Even then, the debut was a mixed bag. Its first Broadway run played a scant 68 performances, while a 1959 film adaptation starring Marlon Brando fared poorly as well. Orpheus finally picked up steam 30 years later, with the modest back-to-back success of a 1989 Broadway revival and a 1990 film, both starring Vanessa Redgrave.

Only in 2010 did Orpheus Descending hit critical mass, becoming the runaway hit of that year’s Provincetown Tennessee Williams Festival, where it quickly became a mainstay.

“It’s my favorite Williams play,” says Hall-Flavin. “It’s a record of his youth and says so much about who Tennessee Williams is. He knew human beings in both their pure, exalted selves and their deep, dark evil hearts, and put them both on stage. A Mississippi state senator who comes to the [Provincetown] festival every year was so enthralled by the play that he raised money to bring it to Mississippi for a three-city tour.”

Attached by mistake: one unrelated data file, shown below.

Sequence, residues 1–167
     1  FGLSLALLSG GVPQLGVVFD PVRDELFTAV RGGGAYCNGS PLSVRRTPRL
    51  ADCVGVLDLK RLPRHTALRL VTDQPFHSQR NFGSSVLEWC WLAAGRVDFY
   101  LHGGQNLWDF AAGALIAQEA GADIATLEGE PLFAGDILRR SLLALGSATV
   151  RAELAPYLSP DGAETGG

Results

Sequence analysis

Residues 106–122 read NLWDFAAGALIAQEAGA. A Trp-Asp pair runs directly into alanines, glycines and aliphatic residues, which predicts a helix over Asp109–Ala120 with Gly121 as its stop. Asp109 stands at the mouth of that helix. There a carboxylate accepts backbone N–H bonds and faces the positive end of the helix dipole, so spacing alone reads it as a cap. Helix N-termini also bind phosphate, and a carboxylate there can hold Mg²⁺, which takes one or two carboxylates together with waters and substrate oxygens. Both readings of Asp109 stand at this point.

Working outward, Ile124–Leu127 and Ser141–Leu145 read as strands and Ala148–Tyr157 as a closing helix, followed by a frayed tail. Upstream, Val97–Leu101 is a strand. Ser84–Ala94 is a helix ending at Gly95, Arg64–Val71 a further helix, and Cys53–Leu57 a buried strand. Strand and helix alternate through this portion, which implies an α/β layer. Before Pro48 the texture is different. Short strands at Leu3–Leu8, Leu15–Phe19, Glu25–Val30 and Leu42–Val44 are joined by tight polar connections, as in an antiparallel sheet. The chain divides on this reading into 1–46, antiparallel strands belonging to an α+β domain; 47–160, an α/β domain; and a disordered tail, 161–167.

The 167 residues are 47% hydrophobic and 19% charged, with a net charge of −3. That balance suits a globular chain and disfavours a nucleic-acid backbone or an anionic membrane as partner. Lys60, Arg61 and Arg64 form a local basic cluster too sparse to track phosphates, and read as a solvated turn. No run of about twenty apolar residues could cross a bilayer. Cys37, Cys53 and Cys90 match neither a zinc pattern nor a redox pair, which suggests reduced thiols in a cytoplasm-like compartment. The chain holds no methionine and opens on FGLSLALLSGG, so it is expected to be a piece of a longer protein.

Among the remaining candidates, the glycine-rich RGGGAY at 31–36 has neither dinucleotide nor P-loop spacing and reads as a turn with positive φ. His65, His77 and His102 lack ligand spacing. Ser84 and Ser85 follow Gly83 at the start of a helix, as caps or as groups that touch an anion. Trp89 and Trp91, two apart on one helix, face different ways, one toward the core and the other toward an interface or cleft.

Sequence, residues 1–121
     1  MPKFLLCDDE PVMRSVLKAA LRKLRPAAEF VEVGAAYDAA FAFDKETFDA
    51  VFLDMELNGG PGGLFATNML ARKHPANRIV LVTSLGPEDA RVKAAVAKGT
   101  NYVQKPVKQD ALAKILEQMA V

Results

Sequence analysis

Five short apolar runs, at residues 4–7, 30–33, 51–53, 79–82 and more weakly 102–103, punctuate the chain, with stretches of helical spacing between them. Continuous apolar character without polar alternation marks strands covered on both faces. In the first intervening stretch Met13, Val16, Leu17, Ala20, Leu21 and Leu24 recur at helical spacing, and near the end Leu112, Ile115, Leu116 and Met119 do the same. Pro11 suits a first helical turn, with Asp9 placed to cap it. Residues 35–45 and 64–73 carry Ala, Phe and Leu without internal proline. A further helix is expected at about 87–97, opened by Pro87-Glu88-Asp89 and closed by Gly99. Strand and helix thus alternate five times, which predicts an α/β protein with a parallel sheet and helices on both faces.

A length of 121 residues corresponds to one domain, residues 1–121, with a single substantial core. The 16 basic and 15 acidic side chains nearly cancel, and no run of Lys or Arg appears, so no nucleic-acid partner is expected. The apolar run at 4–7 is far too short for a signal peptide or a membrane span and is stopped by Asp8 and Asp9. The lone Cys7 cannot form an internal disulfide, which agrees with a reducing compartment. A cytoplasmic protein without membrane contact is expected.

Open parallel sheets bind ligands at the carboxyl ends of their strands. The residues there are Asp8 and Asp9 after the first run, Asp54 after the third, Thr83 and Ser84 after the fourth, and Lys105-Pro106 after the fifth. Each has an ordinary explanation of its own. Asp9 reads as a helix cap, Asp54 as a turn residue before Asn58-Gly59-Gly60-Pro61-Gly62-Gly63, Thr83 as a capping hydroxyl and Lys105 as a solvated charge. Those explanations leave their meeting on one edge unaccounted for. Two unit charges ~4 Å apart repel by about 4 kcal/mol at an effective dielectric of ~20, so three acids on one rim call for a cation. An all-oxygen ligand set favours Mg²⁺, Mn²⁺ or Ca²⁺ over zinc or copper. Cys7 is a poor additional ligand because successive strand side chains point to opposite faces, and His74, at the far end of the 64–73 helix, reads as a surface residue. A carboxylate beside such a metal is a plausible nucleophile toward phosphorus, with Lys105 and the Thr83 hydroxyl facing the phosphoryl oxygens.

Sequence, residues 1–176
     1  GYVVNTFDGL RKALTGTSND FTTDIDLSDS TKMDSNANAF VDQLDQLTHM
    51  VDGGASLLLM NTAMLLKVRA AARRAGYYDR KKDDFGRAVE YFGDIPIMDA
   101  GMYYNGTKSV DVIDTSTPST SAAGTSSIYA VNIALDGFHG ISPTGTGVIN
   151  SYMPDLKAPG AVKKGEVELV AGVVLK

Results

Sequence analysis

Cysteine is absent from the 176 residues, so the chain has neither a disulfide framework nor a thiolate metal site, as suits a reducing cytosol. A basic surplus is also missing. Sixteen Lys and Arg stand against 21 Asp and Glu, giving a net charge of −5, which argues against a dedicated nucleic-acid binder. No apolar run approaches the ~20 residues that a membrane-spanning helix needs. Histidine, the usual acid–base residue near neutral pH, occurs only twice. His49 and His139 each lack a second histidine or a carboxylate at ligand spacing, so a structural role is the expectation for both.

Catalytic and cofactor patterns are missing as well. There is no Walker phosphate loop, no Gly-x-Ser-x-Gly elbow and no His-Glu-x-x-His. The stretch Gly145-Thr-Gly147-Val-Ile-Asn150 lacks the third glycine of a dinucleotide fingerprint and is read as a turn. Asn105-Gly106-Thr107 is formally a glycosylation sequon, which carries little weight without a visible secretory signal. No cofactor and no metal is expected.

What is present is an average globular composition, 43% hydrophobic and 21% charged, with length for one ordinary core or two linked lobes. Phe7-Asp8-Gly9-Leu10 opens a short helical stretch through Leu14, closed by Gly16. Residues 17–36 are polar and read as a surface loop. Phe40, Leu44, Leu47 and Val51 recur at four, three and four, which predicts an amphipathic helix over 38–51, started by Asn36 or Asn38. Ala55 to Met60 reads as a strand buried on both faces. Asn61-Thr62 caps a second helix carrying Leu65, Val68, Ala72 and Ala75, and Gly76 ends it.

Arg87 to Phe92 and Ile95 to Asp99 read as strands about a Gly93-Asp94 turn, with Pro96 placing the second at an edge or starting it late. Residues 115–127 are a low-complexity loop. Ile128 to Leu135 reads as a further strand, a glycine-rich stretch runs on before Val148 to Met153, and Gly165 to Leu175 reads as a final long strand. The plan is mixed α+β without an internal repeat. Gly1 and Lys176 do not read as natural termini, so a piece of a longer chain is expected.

Irene Glezos, who reprises her starring role as Lady in the Southern Rep production, traveled with the company to Mississippi, which stopped in Williams’ birthplace of Columbus as well as Clarksdale, site of the Cutrer mansion that inspired Stella and Blanche’s beloved Belle Reve in A Streetcar Named Desire. That stop was especially significant for Beth Bartley, who plays Carol, the Cassandra figure in Orpheus.

“In Clarksdale, I performed Carol’s ‘Christ-bitten reformer’ monologue on the grand staircase of the actual Cutrer mansion,” recalls Bartley. The actress first delivered Carol’s searing monologue during her auditions for Julliard, and its vivid evocations of the Jim Crow-era South ring just as true today.